There are few things in life more thrilling, more wonderful, than seeing that familiar brown truck pull up in front of the house, and a delivery person jump out.. a package or two in hand... containing
(OK, if they contained chocolate it would be more exciting, but just play along here!)
Ah yes, new books... one of the REAL reasons why moms like me continue to homeschool.
(Alright, that's not the ONLY reason, but it *is* a rather exciting perk!)
So let me share with you some of our latest "finds":
I know I've already talked about this, but it is an amazing look at how people around the world eat. Each family is photographed with all the food they would normally consume in a week around them. This book is perfect for a study of the continents, countries, or just a quick reminder of how truly blessed we are (my kids now know that "I'm starving" is NOT a phrase they are allowed to say around here!)
By the same author and photographer as the book mentioned above. This book shows families around the world, and all their material possessions sitting in their front yard (if they have one). A truly eye-opening experience, and one that I HIGHLY recommend to all.
Other books in the same vein are:
Wake Up World! and A Ride on Mother's Back.
The Lightning Thief
I first saw this book recommended on Dawn's By Sun and Candlelight blog, and I was intrigued. How can you pass up a book about a 12-yr old boy who discovers he is a half-blood? (that is, half Greek god and half human) It is a fast-paced, truly captivating story (at least to us!) of Greek gods and heroes set in modern-day America. There is no foul language, and only one choice made by one of the characters that I thought was not appropriate (but it gave me a great opportunity to stop and talk to my children about what Jesus would want us to do). I was hesitant to read this aloud to all of my children, for fear that the whole "fake gods" thing (as we call them here) would confuse the younger ones. So far, however, it hasn't seemed to be a problem. We enjoyed this book so much that we sent Daddy -- the only healthy one around here -- to go to the library to pick up the second installment of the series: The Sea of Monsters.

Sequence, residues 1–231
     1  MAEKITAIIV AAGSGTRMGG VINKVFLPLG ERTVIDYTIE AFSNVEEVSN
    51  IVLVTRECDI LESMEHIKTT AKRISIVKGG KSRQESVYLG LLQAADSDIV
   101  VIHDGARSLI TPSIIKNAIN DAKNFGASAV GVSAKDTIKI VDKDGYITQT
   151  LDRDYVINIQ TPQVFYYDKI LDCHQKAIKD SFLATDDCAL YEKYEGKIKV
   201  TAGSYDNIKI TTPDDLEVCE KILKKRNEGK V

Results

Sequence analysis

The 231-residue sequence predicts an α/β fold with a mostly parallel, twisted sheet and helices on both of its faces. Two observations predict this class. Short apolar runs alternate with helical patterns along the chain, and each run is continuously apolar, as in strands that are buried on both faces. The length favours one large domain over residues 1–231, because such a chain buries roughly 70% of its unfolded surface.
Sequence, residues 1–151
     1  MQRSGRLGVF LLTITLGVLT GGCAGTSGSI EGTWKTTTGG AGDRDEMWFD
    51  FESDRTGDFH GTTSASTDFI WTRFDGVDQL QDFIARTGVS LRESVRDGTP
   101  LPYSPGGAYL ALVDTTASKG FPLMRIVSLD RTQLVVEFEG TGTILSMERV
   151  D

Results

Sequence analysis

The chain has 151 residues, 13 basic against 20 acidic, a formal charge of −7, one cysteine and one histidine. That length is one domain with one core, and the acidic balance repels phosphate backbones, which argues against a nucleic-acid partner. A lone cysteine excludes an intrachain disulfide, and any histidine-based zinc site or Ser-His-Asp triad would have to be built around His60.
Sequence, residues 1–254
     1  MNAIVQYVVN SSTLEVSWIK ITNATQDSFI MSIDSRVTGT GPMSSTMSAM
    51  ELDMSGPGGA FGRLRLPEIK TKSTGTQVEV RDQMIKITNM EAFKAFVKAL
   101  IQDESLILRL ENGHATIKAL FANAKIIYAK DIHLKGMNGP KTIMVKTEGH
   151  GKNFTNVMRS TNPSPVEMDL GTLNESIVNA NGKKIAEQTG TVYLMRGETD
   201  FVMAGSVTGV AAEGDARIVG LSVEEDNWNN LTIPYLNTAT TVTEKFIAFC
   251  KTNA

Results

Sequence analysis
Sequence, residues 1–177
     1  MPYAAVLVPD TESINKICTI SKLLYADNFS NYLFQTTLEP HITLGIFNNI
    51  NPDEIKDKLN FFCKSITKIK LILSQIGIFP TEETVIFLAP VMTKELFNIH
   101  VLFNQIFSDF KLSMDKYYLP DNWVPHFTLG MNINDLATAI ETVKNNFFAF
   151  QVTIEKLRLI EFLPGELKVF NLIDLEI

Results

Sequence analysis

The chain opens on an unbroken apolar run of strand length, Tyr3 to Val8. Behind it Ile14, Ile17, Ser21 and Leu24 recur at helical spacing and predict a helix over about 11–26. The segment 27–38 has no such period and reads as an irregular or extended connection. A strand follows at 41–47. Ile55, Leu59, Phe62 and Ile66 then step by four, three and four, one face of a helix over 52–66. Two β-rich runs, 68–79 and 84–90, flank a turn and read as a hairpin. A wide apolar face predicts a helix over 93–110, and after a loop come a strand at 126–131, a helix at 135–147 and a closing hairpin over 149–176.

I saw this one recommended on Elizabeth Foss' Real Learning blog and, intrigued by the possibility of having a real book that teaches us about botany, I decided to give it a go.
To be honest, I'm not all that excited about this one. The illustrations just don't do it for me (I am a very visual sort of person), and I found the beginning of the story -- a child's story version of the big bang, primordial soup, etc -- to be disturbing; however, my next-door neighbor read it to her children, and they loved it! So, I'm willing to "give it a go," and see if they like it.
My neighbor found this one at the used book store in town, and let us borrow it. The cover promises that it will teach you to identify 15 trees within 30 minutes... and they do! In fact, it took my 4-yr old less than 5 minutes to learn to identify the first 5 trees in the book. This is a fun, fast-paced book that teaches you how to identify oak, maple, tupelo, sweet gum, aspen, ash, hickory, and various evergreen trees. Well worth the time spent reading this to your little ones!
For The Love of Literature
A great compilation of various read alouds in math, science, history, etc! Maureen Wittman does a phenomenal job capturing the reader's interest for each book in just one or two sentences. I've got a nice library list going already with this one!
Let me know if any of these books work for your family!